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Mechanistic Progress of Estrogen-induced Apoptosis in Estrogen-deprived Breast Cancer Cells | OMICS International
ISSN: 2157-7013
Journal of Cell Science & Therapy

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Mechanistic Progress of Estrogen-induced Apoptosis in Estrogen-deprived Breast Cancer Cells

Shuqiao Chai1,2and Ping Fan2*
1McLean High School, 1633 Davidson Road, McLean, VA 22102, USA
2Department of Breast Medical Oncology, MD Anderson Cancer Center, 1515 Holcombe Blvd, Unit 1354, Houston, TX 77030, USA
Corresponding Author : Ping Fan
MD PhD, Department of Breast Medical Oncology
MD Anderson Cancer Center, 1515 Holcombe Blvd
Unit 1354, Houston, TX 77030, USA
Tel: 713-792-2121
E-mail: [email protected]
Received: July 03, 2015 Accepted: July 29, 2015 Published: July 31, 2015
Citation: Chai S, Fan P (2015) Mechanistic Progress of Estrogen-induced Apoptosis in Estrogen-deprived Breast Cancer Cells. J Cell Sci Ther 6:218. doi:10.4172/2187-7013.1000218
Copyright: © 2015 Chai S, et al. This is an open-access article distributed under the terms of the Creative Commons Attribution License, which permits unrestricted use, distribution, and reproduction in any medium, provided the original author and source are credited.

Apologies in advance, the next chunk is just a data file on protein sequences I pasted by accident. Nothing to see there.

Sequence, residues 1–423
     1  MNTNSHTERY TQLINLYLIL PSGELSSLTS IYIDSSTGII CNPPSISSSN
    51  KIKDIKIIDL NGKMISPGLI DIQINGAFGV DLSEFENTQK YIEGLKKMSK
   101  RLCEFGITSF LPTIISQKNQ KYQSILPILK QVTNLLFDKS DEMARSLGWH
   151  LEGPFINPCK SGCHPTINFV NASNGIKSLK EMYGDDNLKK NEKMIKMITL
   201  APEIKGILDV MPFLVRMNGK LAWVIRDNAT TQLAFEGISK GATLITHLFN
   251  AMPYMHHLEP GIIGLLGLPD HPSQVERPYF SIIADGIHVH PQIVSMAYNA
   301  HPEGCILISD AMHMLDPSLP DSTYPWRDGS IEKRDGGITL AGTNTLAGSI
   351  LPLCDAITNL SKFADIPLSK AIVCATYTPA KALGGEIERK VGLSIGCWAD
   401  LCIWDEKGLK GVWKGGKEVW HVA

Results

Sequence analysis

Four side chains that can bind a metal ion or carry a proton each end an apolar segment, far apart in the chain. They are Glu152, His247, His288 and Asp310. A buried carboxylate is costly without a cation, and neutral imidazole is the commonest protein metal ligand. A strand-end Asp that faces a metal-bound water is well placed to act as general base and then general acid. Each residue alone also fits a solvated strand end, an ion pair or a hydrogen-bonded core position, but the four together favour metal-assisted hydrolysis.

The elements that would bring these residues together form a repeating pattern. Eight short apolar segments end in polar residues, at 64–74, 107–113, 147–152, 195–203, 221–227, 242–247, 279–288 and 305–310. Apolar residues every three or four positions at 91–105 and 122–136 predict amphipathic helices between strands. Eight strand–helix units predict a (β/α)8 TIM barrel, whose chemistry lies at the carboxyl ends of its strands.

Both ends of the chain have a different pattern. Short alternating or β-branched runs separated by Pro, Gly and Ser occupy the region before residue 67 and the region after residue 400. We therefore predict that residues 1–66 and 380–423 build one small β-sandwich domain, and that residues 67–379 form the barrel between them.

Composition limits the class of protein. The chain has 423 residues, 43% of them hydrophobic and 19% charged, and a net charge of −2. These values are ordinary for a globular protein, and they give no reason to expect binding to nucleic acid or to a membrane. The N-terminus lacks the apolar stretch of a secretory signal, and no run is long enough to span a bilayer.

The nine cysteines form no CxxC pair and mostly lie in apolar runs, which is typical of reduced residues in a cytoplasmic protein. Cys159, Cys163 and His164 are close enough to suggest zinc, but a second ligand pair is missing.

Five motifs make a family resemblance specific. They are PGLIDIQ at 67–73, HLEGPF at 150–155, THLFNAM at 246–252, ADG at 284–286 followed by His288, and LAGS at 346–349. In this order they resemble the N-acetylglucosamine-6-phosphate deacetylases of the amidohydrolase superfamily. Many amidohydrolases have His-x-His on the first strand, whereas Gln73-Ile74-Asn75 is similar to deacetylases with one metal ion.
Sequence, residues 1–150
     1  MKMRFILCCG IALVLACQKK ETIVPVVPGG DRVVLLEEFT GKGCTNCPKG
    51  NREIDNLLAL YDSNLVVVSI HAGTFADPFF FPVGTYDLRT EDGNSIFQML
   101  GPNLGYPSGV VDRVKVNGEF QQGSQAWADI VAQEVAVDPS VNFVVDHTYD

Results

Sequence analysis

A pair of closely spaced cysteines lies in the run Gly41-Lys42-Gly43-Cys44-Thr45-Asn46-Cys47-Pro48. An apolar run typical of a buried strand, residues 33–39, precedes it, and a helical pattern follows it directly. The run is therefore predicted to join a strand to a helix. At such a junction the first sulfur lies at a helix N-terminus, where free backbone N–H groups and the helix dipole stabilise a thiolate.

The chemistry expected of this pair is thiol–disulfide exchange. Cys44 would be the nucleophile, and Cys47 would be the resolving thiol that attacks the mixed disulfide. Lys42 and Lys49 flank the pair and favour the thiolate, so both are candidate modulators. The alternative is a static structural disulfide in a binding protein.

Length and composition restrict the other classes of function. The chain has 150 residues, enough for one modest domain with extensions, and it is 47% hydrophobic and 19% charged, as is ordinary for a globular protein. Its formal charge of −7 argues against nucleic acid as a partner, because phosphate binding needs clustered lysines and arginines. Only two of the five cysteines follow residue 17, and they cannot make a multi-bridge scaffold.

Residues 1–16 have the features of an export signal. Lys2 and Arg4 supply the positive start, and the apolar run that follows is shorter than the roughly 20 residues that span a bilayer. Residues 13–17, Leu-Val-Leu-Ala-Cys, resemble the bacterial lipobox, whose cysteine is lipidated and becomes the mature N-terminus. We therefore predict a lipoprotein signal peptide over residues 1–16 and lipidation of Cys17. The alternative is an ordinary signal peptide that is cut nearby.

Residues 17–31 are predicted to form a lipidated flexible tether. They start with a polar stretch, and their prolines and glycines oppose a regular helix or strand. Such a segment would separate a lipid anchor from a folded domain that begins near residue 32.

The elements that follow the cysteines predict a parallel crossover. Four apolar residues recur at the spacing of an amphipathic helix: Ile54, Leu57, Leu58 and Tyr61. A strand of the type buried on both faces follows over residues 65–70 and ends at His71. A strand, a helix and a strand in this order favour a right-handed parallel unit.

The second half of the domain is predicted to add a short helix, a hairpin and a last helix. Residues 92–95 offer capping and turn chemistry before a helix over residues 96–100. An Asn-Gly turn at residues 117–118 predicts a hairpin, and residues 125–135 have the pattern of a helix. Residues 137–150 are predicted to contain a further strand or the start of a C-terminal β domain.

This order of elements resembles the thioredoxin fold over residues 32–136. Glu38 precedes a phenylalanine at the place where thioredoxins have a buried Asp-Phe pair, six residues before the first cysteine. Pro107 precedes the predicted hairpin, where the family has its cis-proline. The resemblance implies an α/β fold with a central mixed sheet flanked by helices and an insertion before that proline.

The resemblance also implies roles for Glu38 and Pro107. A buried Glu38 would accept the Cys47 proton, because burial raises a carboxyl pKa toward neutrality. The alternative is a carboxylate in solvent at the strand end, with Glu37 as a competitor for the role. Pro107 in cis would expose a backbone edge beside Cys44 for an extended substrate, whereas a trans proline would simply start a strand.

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The laboratory discovery of estrogen-induced apoptosis has been translated to treat antihormone resistant patients and to reduce the incidence of breast cancer in postmenopausal hysterectomized women with estrogen replacement therapy (ERT). The key step is the selection pressure exerted by long-term antiestrogen therapy or over 5 years of menopause to specific breast cancer cell populations that will be vulnerable to estrogen-induced apoptosis. However, the mechanisms underlying estrogen-induced apoptosis are currently unclear. At the cellular level, estrogen-induced apoptosis is dependent upon the estrogen receptor (ER), which can be completely blocked by antiestrogen ICI 182,780 or 4-hydroxytamoxifen (4-OHT). Knockdown of ER alpha, but not ER beta, through specific small interfering RNAs effectively blocks estrogen-induced apoptosis, indicating that the ER alpha subtype participates in apoptosis. Further examinations demonstrate that estrogen-induced apoptosis is due to accumulation of endoplasmic reticulum stress, inflammatory responses, and oxidative stress, which, in turn, activate the intrinsic mitochondrial pathway and the extrinsic death receptor pathway to complete the process. This contrasts with paclitaxel, which causes G2 arrest with immediate apoptosis. These stress responses are modulated by glucocorticoids and the c-Src inhibitor to block estrogen-induced apoptosis, but the mechanism for estrogen action is through a genomic pathway rather than a non-genomic pathway. In the nucleus, estrogen activates classic ERE-regulated endogenous genes, but the ERE transcriptional pathway does not directly participate in the estrogen-induced apoptosis in vitro or in vivo. Simultaneously, estrogen activates a non-classic transcriptional pathway involving the interaction of ER with transcription factors such as activator protein-1 (AP-1), which may regulate proliferation, stress responses, or apoptosis. Investigation of how AP-1 modulates the stress responses to trigger estrogen-induced apoptosis will ultimately uncover the mechanisms underlying estrogen-induced apoptosis.